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I'm a little confused about how to properly declare a class inherited from a template class.

The base class looks like so (not including the irrelevant bits):

template <class Writer>
class Node
{
    Writer* writer;
    ...
public:
    Node (std::string& root);
...
}

What is the proper way to declare and construct an inherited class of this? I thought something like:

template <class Writer>
class IndexNode : public Node
{...}

However, doing so is giving me "expected class-name before '{' token". I've tried commenting out the template declaration in the inherited class, thinking that maybe the template declaration itself was inherited from the parent, but that did not help either, and also tried

class IndexNode : template <class Writer> public Node
{...}

, thinking maybe the template had to be explicitly attached to the base class. I figured rather than continue to take a stab at the right combination, I'd ask for assistance and hopefully learn something that will make me understand the reasons why also.

Thanks!

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Just a side note: it is customary to write the template arguments (in your case Writer) by a single capitalized letter. A full name usually creates confusion as to whether the class is a template argument or a known class. –  Shahbaz Mar 27 '12 at 13:10
    
noted, and will make that change. I've just started working with templates. Thanks! –  Tom Thorogood Mar 27 '12 at 13:12
2  
@Shahbaz: I completely disagree with this advice. By restricting the name of template parameters to a single letter, you greatly obfuscate your code: Writer indicates that the type I'm dealing with is, well, a writer; W does not indicate anything. Moreover, stating that this is a customary practice is plain wrong (see for example the names given to the template parameters of standard algorithms: they clearly indicate what types of iterators are expected). If you really want to indicate that a name denote a template parameter, you can use the .Net convention and prefix the name with a T. –  Luc Touraille Mar 27 '12 at 14:59
    
@LucTouraille I am saying this because I have been reading it around. For example here in section 3.1.8, it indicates this is a common practice. Searching further though, it seems like it really depends –  Shahbaz Mar 27 '12 at 15:38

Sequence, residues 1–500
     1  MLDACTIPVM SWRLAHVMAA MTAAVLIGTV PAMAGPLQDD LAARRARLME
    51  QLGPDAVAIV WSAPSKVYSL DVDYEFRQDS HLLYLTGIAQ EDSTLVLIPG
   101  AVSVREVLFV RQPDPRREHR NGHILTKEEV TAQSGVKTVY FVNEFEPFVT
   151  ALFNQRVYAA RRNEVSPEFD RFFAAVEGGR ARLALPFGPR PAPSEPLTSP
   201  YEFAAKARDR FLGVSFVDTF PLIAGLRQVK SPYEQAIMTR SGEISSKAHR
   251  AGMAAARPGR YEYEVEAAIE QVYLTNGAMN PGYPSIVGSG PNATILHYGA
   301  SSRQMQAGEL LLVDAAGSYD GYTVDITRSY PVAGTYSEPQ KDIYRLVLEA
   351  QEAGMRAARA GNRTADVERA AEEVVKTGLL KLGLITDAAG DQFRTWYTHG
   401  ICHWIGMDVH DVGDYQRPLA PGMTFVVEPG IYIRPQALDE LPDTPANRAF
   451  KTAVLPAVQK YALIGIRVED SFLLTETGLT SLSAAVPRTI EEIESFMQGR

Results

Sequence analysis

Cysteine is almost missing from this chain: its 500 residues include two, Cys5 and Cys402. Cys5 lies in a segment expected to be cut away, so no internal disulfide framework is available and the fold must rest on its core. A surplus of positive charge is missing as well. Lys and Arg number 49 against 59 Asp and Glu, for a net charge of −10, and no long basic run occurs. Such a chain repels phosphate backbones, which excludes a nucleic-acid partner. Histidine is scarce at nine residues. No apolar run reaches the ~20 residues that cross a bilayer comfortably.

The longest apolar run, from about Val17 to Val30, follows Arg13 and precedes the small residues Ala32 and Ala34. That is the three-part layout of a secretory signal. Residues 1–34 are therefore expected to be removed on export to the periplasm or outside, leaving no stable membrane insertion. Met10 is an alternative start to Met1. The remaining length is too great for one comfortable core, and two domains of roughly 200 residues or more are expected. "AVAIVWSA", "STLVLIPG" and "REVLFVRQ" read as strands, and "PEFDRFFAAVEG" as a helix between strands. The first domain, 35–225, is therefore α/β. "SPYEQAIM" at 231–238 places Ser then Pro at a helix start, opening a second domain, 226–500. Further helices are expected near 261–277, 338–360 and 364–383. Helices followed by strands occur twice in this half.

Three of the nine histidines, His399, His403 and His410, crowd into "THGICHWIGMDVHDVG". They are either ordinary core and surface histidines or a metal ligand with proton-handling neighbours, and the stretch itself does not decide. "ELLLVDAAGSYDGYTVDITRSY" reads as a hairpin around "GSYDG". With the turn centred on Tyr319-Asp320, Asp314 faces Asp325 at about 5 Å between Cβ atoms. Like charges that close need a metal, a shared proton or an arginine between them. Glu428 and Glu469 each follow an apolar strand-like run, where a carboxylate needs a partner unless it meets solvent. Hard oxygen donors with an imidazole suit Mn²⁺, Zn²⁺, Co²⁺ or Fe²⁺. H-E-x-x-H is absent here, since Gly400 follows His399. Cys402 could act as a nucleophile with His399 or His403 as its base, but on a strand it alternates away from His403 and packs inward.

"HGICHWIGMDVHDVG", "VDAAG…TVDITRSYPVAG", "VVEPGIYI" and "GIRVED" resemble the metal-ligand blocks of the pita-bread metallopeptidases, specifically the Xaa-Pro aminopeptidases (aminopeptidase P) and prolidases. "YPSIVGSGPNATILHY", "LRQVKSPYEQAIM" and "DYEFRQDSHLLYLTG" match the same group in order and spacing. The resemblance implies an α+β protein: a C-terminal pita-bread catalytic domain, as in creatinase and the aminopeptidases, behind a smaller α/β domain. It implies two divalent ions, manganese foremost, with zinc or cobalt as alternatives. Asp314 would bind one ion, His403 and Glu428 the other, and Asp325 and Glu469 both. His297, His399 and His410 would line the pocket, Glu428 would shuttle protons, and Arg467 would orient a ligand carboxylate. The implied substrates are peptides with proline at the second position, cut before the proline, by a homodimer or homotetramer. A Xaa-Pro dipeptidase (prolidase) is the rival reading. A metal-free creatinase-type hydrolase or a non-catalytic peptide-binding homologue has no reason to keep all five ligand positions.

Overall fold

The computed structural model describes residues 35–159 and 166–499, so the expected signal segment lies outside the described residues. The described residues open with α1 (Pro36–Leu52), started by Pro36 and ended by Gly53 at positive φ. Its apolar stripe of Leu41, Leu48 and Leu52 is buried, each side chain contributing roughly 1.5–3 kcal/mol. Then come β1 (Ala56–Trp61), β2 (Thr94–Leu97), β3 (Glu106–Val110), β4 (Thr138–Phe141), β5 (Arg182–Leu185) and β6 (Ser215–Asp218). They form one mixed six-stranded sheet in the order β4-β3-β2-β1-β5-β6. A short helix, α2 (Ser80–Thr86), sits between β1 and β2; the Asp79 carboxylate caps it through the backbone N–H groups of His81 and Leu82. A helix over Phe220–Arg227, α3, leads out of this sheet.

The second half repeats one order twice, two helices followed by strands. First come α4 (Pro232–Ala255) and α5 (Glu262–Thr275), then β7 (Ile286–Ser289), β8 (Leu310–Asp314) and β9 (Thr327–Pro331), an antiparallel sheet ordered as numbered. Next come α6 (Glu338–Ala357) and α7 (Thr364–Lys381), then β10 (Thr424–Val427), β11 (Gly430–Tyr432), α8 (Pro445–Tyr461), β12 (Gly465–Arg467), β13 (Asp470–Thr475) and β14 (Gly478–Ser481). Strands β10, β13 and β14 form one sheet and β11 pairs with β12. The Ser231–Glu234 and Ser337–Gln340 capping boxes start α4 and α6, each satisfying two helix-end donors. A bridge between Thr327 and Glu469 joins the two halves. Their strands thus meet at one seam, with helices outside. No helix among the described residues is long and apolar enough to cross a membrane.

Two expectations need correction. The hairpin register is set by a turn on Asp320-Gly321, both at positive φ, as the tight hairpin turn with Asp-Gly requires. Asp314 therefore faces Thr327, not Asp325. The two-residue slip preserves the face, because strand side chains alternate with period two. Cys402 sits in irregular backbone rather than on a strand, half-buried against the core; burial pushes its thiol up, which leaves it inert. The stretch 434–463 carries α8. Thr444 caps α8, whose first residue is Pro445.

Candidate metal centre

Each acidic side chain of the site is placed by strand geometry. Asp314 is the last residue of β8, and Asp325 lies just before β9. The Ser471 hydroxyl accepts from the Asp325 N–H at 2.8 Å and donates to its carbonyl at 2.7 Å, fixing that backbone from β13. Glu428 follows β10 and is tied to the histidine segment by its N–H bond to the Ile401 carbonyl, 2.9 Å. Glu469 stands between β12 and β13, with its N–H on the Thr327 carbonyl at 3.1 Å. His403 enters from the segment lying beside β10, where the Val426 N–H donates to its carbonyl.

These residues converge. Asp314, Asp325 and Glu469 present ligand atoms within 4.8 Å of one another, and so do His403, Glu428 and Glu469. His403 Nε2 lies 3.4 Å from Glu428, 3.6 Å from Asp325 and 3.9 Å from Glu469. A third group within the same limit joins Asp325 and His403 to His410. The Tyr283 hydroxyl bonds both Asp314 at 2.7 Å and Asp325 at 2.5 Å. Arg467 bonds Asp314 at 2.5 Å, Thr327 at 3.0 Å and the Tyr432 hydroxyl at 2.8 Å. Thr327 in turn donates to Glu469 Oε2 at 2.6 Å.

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4 Answers

up vote 7 down vote accepted

Is your derived class also a template?

Yes:

template <class Writer>
class IndexNode : public Node<Writer>
{
   //...
}

No:

class IndexNode : public Node<SomeClassThatSpecializezNode>
{
   //...
}
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Yep; when inheriting from a template class, you must supply the parameter. –  Grimm The Opiner Mar 27 '12 at 13:08
    
Thanks for the second option! That will also be a help in the future. –  Tom Thorogood Mar 27 '12 at 13:09
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It would be as below you need to instantiate the correct base class type.

template<class Writer>
class IndexNode: public Node<Writer>
{
};
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That did it! Thanks so much. –  Tom Thorogood Mar 27 '12 at 13:08
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Well that depends. If your inherited class uses a SpecificWriter class you would do

class IndexNode : public Node<SpecificWriter>
{
};

If otoh your inherited class should also be templatized do

template <typename Writer>
class IndexNode : public Node<Writer>
{
};
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Write

template<class Writer>
class IndexNode : public Node<Writer>

if Writer should be a template argument of IndexNode.

Write

class IndexNode : public Node<Writer>

if Writer is a known class.

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